3 Warren Buffett Tips on How to Build Wealth

Here are three tips originating from Warren Buffett that can change your wealth-building mindset forever!

Make a choice, path to success, sign

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Warren Buffett is one of the richest people on earth. His estimated net worth is about US$103 billion, which fluctuates with the price changes of the publicly-listed stocks he owns — primarily Berkshire Hathaway and its top holdings, including Apple, Bank of America, American Express, Coca-Cola, Kraft Heinz, Moody’s, Verizon, and more.

Multi-billionaire Mr. Buffett’s tips on how to build wealth are well worth refreshing our minds about periodically. Here are some tips I’d like to highlight.

Invest in yourself

When a student asked what area of investing he should be studying, Buffett replied, “For most people, the bulk of their income is going to come from earning power in their chosen profession. Therefore, from the standpoint of building wealth, free time is better spent sharpening one’s professional skills rather than studying investing.”

You’ll spend a big chunk of your life working. So, you’d better choose something you enjoy doing. Simply put, choose a career path you’re passionate about. If you’re passionate about what you do, it will be enjoyable, you’re likely to be better at it than others, and you’ll probably make more money. Take additional education as needed to advance your career. It could be in the form of volunteering or an internship to gain experience or taking courses or a part-time certificate program in your local college or university.

Warren Buffett shared how he got over the fear of public speaking by taking a US$100 college course, which was one of the best investments he made in himself. Effectively communicating with others in speech and writing is a useful and transferable skill to have for many professions.

Spend less than you make

The Oracle of Omaha once said, “You really don’t need leverage in this world much. If you’re smart, you’re going to make a lot of money without borrowing.”

Spending less than you make is a requirement to building wealth. If you always borrow to spend, you’ll be paying extra in interest expenses. Other than a mortgage, in most cases, it’s best not to have a lot of debt weighing on your shoulders.

Also, don’t look down on even the smallest expenses. Every expense adds up and ultimately affects how much you’re actually saving at the end of each month.

In any case, once you’ve built an emergency fund from your savings, you can direct your savings to wealth building.

Build wealth through investing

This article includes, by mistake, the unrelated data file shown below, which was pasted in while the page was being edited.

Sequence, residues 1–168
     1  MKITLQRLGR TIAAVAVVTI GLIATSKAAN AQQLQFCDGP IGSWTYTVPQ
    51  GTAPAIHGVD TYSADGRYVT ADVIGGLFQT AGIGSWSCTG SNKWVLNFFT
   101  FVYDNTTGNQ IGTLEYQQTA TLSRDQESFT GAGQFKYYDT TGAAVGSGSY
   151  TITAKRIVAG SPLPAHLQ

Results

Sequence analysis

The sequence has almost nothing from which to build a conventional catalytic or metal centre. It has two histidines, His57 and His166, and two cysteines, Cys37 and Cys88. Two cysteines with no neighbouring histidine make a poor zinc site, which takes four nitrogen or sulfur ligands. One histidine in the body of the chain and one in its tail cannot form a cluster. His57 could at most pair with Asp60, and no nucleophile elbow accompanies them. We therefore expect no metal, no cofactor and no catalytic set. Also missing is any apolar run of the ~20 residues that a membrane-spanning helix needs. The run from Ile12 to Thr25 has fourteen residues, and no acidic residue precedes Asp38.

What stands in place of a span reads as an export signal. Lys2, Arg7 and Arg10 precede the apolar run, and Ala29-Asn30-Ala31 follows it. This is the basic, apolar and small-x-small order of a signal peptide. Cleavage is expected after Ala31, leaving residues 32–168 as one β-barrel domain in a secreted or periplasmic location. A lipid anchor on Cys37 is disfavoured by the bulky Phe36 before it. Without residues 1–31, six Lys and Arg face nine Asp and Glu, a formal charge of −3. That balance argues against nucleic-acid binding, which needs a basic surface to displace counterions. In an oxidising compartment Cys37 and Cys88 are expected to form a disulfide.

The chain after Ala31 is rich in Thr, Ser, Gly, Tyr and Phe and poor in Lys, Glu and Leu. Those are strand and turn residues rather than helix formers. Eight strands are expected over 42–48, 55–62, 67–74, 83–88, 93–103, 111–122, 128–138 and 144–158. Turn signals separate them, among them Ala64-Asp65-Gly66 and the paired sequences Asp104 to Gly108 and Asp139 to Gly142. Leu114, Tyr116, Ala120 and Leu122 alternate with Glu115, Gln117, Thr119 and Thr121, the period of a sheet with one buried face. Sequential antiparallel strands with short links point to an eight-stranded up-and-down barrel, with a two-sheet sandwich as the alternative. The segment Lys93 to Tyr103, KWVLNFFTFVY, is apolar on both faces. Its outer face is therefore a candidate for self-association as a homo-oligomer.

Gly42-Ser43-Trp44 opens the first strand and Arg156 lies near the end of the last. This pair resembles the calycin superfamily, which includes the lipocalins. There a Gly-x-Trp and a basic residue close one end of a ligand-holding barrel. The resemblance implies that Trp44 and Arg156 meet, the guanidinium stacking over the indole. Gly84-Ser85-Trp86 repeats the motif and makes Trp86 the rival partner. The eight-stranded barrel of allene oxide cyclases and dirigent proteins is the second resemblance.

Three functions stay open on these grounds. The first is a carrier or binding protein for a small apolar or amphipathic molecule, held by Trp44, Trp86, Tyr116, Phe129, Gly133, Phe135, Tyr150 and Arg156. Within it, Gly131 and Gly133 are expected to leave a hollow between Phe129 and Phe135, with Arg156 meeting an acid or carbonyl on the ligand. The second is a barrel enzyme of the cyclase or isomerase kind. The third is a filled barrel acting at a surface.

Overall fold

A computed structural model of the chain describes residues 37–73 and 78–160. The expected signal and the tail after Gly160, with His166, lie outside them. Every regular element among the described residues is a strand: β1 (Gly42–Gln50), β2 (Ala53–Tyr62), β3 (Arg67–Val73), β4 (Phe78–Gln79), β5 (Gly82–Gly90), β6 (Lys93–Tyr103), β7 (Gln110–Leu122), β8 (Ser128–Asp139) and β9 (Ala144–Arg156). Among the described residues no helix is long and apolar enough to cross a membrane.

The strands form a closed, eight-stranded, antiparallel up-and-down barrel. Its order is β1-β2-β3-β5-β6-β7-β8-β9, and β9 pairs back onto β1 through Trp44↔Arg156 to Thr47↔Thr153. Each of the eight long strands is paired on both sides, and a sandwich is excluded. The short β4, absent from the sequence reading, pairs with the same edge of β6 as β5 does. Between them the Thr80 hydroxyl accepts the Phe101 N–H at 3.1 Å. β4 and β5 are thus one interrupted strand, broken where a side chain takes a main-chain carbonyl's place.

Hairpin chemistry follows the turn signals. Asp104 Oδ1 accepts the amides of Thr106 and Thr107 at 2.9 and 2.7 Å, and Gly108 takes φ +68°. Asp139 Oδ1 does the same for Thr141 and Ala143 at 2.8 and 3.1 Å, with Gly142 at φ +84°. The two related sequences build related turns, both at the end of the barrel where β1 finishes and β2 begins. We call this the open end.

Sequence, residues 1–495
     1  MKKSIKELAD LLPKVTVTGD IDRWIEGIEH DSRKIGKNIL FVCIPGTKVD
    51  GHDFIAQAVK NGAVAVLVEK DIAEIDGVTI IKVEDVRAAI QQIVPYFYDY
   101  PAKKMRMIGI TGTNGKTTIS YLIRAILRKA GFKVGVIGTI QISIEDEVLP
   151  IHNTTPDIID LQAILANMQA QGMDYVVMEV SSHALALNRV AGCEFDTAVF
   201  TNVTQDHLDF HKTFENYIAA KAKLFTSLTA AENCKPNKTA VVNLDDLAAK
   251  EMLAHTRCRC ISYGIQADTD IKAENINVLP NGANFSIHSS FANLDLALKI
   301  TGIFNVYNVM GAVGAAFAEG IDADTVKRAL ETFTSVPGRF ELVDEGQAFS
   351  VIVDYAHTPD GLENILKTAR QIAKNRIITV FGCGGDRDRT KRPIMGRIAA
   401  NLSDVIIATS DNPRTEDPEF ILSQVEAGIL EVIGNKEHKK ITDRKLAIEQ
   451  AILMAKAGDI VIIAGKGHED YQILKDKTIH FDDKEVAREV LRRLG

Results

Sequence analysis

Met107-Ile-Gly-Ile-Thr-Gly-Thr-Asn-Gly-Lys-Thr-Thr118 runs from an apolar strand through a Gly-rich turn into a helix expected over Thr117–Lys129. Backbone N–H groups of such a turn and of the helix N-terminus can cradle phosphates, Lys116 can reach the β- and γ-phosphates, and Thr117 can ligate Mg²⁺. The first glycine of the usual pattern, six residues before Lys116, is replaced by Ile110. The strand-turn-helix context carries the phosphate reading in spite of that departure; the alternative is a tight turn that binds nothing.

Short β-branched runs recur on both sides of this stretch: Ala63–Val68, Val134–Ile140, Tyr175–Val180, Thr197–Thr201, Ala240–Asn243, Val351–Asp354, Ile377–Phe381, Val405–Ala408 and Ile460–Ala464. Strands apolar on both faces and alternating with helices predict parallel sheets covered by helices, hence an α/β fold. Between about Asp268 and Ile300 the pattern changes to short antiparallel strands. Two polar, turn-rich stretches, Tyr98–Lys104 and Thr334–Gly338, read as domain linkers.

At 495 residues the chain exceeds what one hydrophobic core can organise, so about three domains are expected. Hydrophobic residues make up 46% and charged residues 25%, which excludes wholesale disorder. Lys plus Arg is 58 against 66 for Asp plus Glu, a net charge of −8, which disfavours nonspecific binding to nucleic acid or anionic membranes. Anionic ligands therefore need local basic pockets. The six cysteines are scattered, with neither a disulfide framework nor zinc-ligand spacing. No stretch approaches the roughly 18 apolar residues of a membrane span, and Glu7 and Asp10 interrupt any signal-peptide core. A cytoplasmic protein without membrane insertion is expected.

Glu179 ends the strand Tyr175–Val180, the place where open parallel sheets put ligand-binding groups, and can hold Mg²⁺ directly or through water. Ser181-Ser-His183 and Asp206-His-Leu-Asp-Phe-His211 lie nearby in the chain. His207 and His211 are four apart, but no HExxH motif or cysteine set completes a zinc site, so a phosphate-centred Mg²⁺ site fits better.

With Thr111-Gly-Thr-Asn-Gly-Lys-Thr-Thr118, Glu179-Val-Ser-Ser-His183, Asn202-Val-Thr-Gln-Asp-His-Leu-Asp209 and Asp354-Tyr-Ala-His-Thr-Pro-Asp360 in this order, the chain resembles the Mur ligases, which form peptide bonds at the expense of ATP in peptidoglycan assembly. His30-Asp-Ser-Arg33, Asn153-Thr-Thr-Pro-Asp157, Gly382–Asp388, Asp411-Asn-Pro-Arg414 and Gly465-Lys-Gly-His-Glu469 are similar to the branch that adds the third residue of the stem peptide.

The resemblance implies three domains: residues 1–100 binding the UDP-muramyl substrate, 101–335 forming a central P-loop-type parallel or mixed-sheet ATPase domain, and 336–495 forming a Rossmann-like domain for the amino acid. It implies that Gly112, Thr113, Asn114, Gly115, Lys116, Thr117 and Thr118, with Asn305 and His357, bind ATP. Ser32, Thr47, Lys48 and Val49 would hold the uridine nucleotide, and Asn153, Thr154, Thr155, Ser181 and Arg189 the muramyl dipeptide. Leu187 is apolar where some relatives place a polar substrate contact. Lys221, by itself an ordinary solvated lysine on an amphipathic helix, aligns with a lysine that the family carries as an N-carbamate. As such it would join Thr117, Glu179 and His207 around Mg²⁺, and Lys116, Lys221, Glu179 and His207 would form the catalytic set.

Online brokerages make it much easier and cheaper to invest in stocks. If you think $9.99 a trade is cheap, think again. (Small expenses add up, remember?) In the past three years, I averaged about 272 trades a year! If I traded for $0 commission, it would accumulate savings of about $2,717 annually. Assuming that amount was saved and invested for a very reasonable return of 7-10% per year, it would grow to $256,642-$446,917 in 30 years.

Indeed, nowadays, you can invest and pay $0 commission fees! You can invest for free with online brokerage Wealthsimple, whose parent company is Power Corporation of Canada.

Trading fees are one of those little expenses that add up and eat right into your savings and wealth. If you invest with Wealthsimple, you could save tonnes of fees. For people looking for a hands-off approach to investing, Wealthsimple provides robo-advising that automatically rebalances your portfolio, keeping it diversified across multiple exchange-traded funds (ETFs). Alternatively, if you have an interest in investing, you can try their commission-free trading platform.

This article represents the opinion of the writer, who may disagree with the “official” recommendation position of a Motley Fool premium service or advisor. We’re Motley! Questioning an investing thesis — even one of our own — helps us all think critically about investing and make decisions that help us become smarter, happier, and richer, so we sometimes publish articles that may not be in line with recommendations, rankings or other content.

Bank of America is an advertising partner of The Ascent, a Motley Fool company. American Express is an advertising partner of The Ascent, a Motley Fool company. The Motley Fool owns shares of and recommends Apple, Berkshire Hathaway (B shares), and Moodys. The Motley Fool recommends Verizon Communications and recommends the following options: long January 2023 $200 calls on Berkshire Hathaway (B shares), long March 2023 $120 calls on Apple, short January 2023 $200 puts on Berkshire Hathaway (B shares), short January 2023 $265 calls on Berkshire Hathaway (B shares), and short March 2023 $130 calls on Apple. Fool contributor Kay Ng has no position in any of the stocks mentioned.

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